The Call for participants of the Summer School is open from 3 May to 1 June 2021. It is addressed to students from the undergraduate and master degree courses in: Territorial, urban and landscape-environmental planning; Urban planning; Architecture; Geography and territorial sciences; Urban Design & Landscape Architecture; Building engineering and related courses, from the partner universities of the Summer School: Turin Polytechnic, Milan Polytechnic, University of Camerino, University of Cagliari, University of Palermo, University of Basilicata, LAUD / Bilkent University. 1 student will be selected from the University of Teramo.

Students from other universities can also apply. However, their acceptance will be subject to restricted availability. The maximum number of students admitted will be 15 people.

To participate, students must send by 1 June 2021 via email to an academic curriculum vitae, a motivation letter and a portfolio with a selection of projects.

Acceptance of the application will be communicated by the organizers of the LdC by Monday 14th June 2021.

During and after the walk, the students, arranged in groups, will be required to prepare an A5 book which will include the outcomes of the activities and surveys carried out during the Summer School.

At the end of the Summer School and if the work will be graded positively by the Scientific Committee of the Laboratorio del Cammino during the final Study Day planned for the end of October 2021, students from partner universities of the LdC will receive 3 or 4 training credits (CFU). Virtual participation to the Study-day will be allowed.

Each group of students will be supervised by a tutor who will offer support to the development of their book.


Participation to the Summer School is subject to payment, to be made directly on site, of the cost of meals, accommodations, travel by bus / train and the rental of a van with a driver for the transport of luggage. A preliminary estimate of the costs is around 140 euros each. The trip to Biella and from Turin is the responsibility of each participant. During the journey, the group will stay in hostels or in public facilities granted by the municipalities. Participants will be required a spirit of adaptation and a sense of sharing, while respecting individual values. Most meals will be prepared by the group itself on the basis of a common fund collected at the beginning of the Summer School directly by the organizers.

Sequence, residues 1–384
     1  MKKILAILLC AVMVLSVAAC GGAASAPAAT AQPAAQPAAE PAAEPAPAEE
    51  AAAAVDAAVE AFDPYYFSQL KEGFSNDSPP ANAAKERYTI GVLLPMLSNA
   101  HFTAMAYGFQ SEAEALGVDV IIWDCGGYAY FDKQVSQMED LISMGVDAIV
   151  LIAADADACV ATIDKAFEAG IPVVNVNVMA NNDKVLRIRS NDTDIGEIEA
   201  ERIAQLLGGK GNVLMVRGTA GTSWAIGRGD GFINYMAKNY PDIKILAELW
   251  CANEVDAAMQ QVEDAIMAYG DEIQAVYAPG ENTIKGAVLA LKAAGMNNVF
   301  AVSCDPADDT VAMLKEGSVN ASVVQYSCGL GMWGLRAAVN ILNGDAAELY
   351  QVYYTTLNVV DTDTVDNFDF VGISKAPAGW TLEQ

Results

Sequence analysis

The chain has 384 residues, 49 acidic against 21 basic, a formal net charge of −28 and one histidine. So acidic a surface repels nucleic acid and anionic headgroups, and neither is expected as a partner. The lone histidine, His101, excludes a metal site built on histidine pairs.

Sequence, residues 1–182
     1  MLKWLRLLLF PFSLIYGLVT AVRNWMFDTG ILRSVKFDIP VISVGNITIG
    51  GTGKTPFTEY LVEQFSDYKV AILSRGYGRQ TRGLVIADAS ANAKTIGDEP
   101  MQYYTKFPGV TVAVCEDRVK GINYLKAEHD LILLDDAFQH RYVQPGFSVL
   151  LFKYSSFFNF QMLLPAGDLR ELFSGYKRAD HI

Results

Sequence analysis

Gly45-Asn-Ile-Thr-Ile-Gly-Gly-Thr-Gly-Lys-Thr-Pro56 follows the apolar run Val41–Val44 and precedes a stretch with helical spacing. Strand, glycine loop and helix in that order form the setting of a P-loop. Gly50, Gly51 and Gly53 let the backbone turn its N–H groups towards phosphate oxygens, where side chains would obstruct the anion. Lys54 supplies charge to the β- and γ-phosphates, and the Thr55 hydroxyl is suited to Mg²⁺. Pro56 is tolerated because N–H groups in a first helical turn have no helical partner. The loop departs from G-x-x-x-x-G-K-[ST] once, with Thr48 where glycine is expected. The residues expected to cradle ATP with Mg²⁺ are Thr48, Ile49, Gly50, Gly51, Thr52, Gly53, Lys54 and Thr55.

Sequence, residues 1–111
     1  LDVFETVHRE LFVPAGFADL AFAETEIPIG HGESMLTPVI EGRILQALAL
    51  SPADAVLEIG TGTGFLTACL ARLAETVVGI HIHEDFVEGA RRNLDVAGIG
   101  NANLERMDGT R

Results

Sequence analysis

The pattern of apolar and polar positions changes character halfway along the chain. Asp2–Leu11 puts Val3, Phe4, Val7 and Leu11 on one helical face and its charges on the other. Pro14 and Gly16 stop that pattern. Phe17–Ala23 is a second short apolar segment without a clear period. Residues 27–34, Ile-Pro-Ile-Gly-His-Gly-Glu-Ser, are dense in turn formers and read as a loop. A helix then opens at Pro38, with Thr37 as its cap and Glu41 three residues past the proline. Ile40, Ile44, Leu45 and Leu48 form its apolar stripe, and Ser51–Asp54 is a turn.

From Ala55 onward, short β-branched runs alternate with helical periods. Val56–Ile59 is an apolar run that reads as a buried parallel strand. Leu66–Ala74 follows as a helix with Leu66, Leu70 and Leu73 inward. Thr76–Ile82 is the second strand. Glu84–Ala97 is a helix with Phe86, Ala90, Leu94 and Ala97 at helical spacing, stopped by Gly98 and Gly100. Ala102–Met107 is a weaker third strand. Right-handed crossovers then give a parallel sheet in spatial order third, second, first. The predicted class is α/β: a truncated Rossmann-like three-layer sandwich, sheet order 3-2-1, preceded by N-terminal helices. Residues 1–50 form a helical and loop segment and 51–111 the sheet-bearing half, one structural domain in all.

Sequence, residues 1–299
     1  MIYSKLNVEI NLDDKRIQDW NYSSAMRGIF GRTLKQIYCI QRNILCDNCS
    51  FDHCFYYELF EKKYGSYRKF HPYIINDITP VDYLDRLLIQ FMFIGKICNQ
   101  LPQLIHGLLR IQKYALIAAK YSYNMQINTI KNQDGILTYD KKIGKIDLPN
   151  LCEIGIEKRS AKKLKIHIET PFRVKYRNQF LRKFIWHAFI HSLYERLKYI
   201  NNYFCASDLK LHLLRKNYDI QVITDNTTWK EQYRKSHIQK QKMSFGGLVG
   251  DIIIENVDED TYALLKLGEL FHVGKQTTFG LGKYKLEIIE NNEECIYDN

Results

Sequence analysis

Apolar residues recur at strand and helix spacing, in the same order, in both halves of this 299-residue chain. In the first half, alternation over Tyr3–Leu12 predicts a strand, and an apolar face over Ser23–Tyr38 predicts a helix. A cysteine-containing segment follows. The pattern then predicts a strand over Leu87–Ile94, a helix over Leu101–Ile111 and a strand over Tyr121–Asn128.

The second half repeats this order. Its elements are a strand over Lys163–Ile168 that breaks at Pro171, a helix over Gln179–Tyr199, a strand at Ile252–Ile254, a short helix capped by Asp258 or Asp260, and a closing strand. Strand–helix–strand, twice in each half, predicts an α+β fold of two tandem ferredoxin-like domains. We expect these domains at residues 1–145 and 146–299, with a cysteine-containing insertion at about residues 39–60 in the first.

For information, write an email to


Serena Marchionni & Luca Lazzarini (LdC coordinators), Mirko Greco, Ilaria Tonti (Polytechnic University of Turin), Marcella Turchetti (Olivetti Historical Archive Association), Michele Cerruti But (Pistoletto Foundation), Viviana Sabia, Saverio Massaro, Silvia Parentini (University of Basilicata).



Luca Lazzarini and Serena Marchionni (LdC coordinators), Anna Maria Colavitti & Sergio Serra (University of Cagliari); Cristiana Rossignolo (Polytechnic University of Turin); Marco Mareggi, Chiara Merlini, Andrea Rolando (Polytechnic University of Milan); Flavio Stimilli and Massimo Sargolini (University of Camerino); Filippo Schilleci and Annalisa Giampino (University of Palermo); Daniele Cinciripini (University of Teramo); Daniela Allocca (EPP/Progetto Fiori); Maria Valeria Mininni, Ina Macaione, Chiara Rizzi (University of Basilicata); Bülent Batuman & Hatice Karaca (LAUD/Bilkent University); Marcella Turchetti (Olivetti Historical Archive Association); Maria Teresa Silvestrini (A. Einstein high school), Michele Cerruti But and Paolo Naldini (Pistoletto Foundation).